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Is a career in library and information management for me?
The American Library Association (ALA) provides an extensive set of resources for those interested in joining the profession. See “Me, a librarian?” and “Oh, the places you will go” for information about the work and career paths open to graduates of an ALA-accredited MLS program.

The Occupational Outlook Handbook provides an overview of the nature of the work of librarians, together with information about employment, job opportunities, and salaries of different types of librarians.

What are librarians and information professionals able to do?
The American Library Association’s Core Competences of Librarianship identifies the basic knowledge to be possessed and demonstrated by graduates of ALA-accredited MLS programs.

Associations of specialized librarians and information professionals have also published competency statements, including the following:
What else can I do with an MLS degree?
For descriptions of 95 different types of work, including work in traditional libraries and other nontraditional settings, see A Day in the Life: Career Options in Library and Information Science, edited by Priscilla K. Shontz and Richard A. Murray and published by Libraries unlimited in 2007. The book includes a chapter on the life of an assistant professor, written by former SLIM faculty member Dr. Lynne Cooper Chase.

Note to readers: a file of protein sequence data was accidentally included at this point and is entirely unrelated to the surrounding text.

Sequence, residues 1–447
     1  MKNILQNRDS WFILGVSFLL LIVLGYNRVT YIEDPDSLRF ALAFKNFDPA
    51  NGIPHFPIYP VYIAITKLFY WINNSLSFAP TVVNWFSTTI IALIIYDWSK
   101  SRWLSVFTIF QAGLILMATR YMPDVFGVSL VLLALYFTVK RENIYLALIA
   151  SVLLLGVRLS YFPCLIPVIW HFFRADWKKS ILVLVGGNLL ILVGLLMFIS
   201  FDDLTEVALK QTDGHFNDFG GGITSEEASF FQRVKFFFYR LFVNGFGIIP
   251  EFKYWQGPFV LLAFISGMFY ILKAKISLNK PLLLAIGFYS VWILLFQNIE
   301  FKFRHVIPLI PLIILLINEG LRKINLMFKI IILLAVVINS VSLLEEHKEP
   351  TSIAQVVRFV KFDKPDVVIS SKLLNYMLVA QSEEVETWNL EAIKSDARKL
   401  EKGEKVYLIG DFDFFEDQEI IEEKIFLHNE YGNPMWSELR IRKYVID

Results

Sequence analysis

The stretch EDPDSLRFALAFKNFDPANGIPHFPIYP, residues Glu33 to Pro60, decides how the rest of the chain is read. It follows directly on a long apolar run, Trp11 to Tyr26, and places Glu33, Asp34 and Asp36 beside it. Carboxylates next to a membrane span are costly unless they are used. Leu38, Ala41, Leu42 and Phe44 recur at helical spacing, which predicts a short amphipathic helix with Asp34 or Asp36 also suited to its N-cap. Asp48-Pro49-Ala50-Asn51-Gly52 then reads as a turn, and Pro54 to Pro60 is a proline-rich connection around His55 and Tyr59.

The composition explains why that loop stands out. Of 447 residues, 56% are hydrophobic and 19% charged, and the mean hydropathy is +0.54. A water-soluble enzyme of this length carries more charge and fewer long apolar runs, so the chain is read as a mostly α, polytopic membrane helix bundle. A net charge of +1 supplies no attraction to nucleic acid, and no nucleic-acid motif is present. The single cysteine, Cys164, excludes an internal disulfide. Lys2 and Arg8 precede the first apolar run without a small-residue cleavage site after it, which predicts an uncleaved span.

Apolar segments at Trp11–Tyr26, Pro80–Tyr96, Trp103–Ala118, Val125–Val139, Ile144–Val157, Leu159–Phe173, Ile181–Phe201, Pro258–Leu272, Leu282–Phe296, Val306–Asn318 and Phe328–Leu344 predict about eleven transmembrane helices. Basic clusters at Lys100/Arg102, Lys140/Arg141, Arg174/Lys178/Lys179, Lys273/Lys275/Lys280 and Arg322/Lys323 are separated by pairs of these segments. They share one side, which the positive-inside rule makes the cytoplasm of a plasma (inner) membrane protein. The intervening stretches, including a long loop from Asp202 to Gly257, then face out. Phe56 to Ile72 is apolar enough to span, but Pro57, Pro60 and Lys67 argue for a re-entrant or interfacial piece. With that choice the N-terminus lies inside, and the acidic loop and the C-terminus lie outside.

See the Occupational Outlook Handbook for more information about careers related to librarianship.

Do I need a Masters of Library Science (MLS) degree?
To determine if the position you would like requires an MLS degree, see ALA's Career Website.

Why should I attend an MLS program accredited by the American Library Association?
Some positions require not only an MLS degree, but one accredited by the American Library Association. For more information about accredited programs, see “Assuring quality, innovation, and value in library and information studies education.”